2 (18) Difference 74% (11% to 240%) 35% (26% to 146%) 17% (-34% to 107%) Plasma magnesium concentration Normal Low Difference 36.8 (13) Difference 25% (-45% to 183%) 24% (-42% to 170%) 9. 9:130 http://www. When computing differences between values. and that cytokines .6 (32) Present Page 8 of 12 Table 2: Influence of nutritional indicators on innate cytokines responses after 24-h in vitro stimulation of PBMCs with malaria-infected erythrocytes Nutrient status indicator Supernatant concentration (ng/L) after 24 h of stimulation TNF-α IL-1β IL-10 Children without Plasmodium infection Plasma zinc concentration Normal Low Difference 31.1 (51) 35.7 (32) 28. It is also important to note that this concerned a cross-sectional study.2 (25) 35.2 (27) 20. the design of this study did not allow to ascertain the duration of infection at the time of blood collection. The children investigated may have been infected for some time.5 (19) 20.1 (12) Low 38.4 (43) Difference -15% (-54% to 59%) 11% (-40% to 104%) 8.5 (30) Low 28.6 (61) 26.39].7 (2) 3.7 (31) 28.5 (18) 12.Mbugi et al. particularly monocytes of P.8 (45) 10. viduals. Cut-off values to define low plasma concentrations of nutritional indicators: see text. with higher expression being observed in infected patients [24.8 (28) -9% (-51% to 67%) 39.5 (12) 6.3 (37) 36.3 (63) Present 33.0 (35) 7.2 (36) -81% (-49% to 68%) 10. 'With malaria' and 'without malaria' refers to infection status of children studied at the time of blood collection.malariajournal.4 (27) 46% (13% to 144%) Iron deficiency anaemia Absent 27.5 (20) -3% (-42% to 63%) Plasma magnesium concentration Normal 33. Malaria Journal 2010.4 (35) 39.9 (8) 113% (13% to 301%) Children with Plasmodium infection Plasma zinc concentration Normal 22.1 (64) 7.6 (43) -44% (-70% to 6%) 6.9 (11) 43.9 (1) 17. Unfortunately.2 (39) -25% (-64% to 55%) 36. These recent studies have further indicated TLR-2 to be highly expressed in mononuclear cells.3 (19) 27. and may not have relied on the innate cytokines measured to control infection at the time of blood collection.2 (1) Difference Not calculated -32% (-88% to 270%) Not calculated Values indicate geometric means (n) or effect [95% CI]. falciparuminfected children and that TLR-2 are well responsive following stimulation with pRBCs resulting into stronger signals with consequential change in cytokine production profiles. that samples that were collected in a single time point.3 (37) 19. the category with normal plasma concentration was used as the reference.7 (27) 6.9 (18) 6% (-40% to 87%) Iron deficiency anaemia Absent 31.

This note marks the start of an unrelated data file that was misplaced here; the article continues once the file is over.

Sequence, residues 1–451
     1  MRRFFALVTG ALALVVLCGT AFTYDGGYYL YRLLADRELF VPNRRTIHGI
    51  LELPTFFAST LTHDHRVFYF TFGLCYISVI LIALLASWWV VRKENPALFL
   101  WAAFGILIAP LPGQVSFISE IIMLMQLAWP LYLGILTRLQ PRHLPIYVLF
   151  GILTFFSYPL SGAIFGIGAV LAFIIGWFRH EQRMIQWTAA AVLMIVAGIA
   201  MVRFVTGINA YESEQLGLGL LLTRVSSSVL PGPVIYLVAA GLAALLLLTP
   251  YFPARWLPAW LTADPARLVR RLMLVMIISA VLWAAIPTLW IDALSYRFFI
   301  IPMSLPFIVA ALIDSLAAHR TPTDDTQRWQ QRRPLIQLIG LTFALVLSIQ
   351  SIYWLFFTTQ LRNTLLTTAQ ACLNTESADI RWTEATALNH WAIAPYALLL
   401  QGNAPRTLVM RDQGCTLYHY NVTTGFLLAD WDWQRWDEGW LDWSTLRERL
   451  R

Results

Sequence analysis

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In addition. measured had accumulated in supernatant following 24-h stimulation of cultured cells. iron deficiency anaemia or positive results for malaria tests at time of blood collection. whereas others used mitogens. we used Ficollisolated PBMCs that had been stored for several months under frozen conditions. Magnesium deficiency seemed to be associated overall with low TNF concentrations. no iron deficiency anaemia or no malaria. low concentrations of IL-1β and higher concentrations of IL-10 in uninfected but not infected donors (Figure 2). P-values indicate probabilities of obtaining differences in associations between cytokine concentrations (as indicated by the slopes of the lines) as least as extreme as observed. Parasitized erythrocytes were used to simulate the in vivo infection. or to establish specific cell subsets are sources of the cytokines measured. # + Figure 3 Associations between supernatant concentrations of TNF. assuming no differences.and IL-10 following 24 h stimulation of peripheral blood mononuclear cells with Plasmodium falciparum-infected erythrocytes. Black blocks = zinc or magnesium replete. by micronutrient and malaria status at the time of blood collection. The interesting result in this study is that the impact of magnesium deficiency on early cytokine responses followed a different profile from that observed with zinc status. McCall et al [24] stimulated freshly . "    0( !     )*&" )*    ! -Į.     -. # +  ! -Į. The significantly increased IL-10 and variable alteration in levels of TNF and IL-1β in both malaria-negative and malaria-positive subjects with magnesium deficiency may explain the imbalance in cytokine production as a result of magnesium deficiency modulated by malaria status. open blocks = zinc and magnesium deficiency. although further studies are still needed to confirm this hypothesis. The design of our study does not allow time-dependent production of cytokines. Low levels of proinflammatory cytokines in malaria are critical because they reduce the ability of the initial innate immune response to limit infection. These results imply that magnesium deficiency directs early cytokine responses towards anti-inflammatory rather than pro-inflammatory cytokine responses.9. Methodological differences may explain contradictions between our findings and those from previous studies [7. lipopolysaccharides (LPS).40]. whereas whole blood stimulated within 15 minutes of collection was also used in some of the previous studies. phytohemagglutinin (PHA) and polyclonal stimulation.